The following article is from our Fall, 2007 newsletter:
In the past few years a new word has entered our digital vocabulary: blog. Web logs are now as common as they are relevant. They are toppling the standard news structure and giving people and organizations a voice of their own. Fittingly, people are increasingly turning to blogs as their source for information. Now, led by Assistant to the Directors Matthew Peterson, the Rose Institute is entering the blogosphere with its own blog, RoseReport.org, providing expert, relevant information directly to the public online.
On the surface, a blog is nothing more than a standard webpage. It has a web address, images, and some text. Thus, one might wonder why the Rose Institute needs another site. A blog, however, is a unique type of webpage that serves an entirely different purpose. Instead of a passively waiting for attention, it actively gathers daily and weekly users. The blog allows us to broaden our impact and generate more recognition.
This impact will be felt in a number of ways. First, reporters will have a constant source for Rose Institute generated news and commentary. We will post non-proprietary information on our projects, ranging from images of new redistricting maps to fiscal analyses from Dr. Steven Frates. Second, we have the ability to remind the public of the tremendous work we have already done. The California Political History Archive and Database is growing, and by linking to it from the blog, it will gain in popularity, helping ground current events with historical understanding. Third, we can post Rose Institute press mentions, potentially multiplying Institute coverage. Finally, the blog provides a new outlet for original opinions and commentary from our experts and students, increasing the publicity of our staff andâ€”with appropriate oversightâ€”opening the door to increased student publication.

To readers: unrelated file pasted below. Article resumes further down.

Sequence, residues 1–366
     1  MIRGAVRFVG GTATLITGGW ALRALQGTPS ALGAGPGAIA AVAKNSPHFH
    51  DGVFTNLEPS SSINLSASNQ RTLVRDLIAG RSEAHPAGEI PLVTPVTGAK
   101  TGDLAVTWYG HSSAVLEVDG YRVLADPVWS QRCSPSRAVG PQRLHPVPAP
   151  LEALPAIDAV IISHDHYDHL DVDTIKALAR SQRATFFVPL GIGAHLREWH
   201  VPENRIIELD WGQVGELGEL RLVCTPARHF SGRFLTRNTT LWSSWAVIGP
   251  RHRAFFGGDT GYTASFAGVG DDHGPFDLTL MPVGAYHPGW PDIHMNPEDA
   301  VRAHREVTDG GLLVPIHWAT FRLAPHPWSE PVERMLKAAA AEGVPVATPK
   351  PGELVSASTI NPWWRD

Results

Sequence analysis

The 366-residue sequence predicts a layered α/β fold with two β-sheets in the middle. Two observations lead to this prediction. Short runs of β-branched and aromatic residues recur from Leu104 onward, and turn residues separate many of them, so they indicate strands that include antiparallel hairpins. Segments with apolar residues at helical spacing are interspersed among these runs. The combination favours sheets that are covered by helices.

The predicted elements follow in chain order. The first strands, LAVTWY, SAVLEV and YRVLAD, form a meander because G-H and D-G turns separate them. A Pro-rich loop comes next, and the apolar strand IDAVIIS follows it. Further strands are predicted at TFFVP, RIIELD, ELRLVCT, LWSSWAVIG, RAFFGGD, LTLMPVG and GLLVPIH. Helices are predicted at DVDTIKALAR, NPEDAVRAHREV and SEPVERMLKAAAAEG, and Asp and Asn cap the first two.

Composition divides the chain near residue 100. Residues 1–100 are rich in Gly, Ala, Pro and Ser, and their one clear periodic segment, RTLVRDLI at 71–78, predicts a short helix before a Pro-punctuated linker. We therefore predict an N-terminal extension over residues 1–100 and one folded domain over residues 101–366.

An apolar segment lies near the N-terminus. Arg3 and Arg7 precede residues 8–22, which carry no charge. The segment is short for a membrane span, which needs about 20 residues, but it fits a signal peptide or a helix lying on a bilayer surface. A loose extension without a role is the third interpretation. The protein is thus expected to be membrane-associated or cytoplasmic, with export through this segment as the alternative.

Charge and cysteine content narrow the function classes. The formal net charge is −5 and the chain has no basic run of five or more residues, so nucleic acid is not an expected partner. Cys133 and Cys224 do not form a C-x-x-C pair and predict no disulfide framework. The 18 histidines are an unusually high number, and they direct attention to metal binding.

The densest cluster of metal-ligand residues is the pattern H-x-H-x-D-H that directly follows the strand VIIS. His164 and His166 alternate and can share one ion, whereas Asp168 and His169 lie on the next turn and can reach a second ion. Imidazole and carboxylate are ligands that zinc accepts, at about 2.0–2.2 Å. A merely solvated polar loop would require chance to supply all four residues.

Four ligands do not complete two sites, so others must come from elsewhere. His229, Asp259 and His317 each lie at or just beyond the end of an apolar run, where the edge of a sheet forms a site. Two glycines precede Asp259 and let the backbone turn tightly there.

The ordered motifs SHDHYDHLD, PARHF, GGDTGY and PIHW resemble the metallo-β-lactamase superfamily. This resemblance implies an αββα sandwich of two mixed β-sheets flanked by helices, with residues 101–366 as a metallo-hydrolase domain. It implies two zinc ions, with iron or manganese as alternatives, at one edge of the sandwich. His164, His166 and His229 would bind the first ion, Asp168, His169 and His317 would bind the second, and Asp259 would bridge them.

The blog does much more, however, than simply publish posts. It also gives us a number of useful marketing tools to increase popularity and readership. New posts can be forwarded, or â€œblasted,â€ directly to other blogs or media sources, essentially handing them new stories and potentially multiplying our impact. Moreover, our site can link to other sites, which, in turn, will link to ours. This cooperation is a win-win situation, in effect doubling readership for all sites involved. Furthermore, interested users can subscribe to the blog, so we will have a direct line to distribute our news and analysis.
RoseReport.org will provide a new marketing tool for the Institute, but the value here is not simply marketing. The blog will help fulfill part of Instituteâ€™s overall mission: â€œUsing computer technology, students and faculty in the Rose Institute to advance knowledge about politics, and help create services that make the political process more democratic.â€ With the blog, the Rose Institute can reach more peopleâ€”politicians, journalists, and curious citizensâ€”in a more direct manner. We are harnessing new, effective technology to help make politics more democratic and to help opinion-makers and ordinary citizens alike make more informed decisions. While the blogâ€”both the word and the toolâ€”may be new, its goal is fundamental.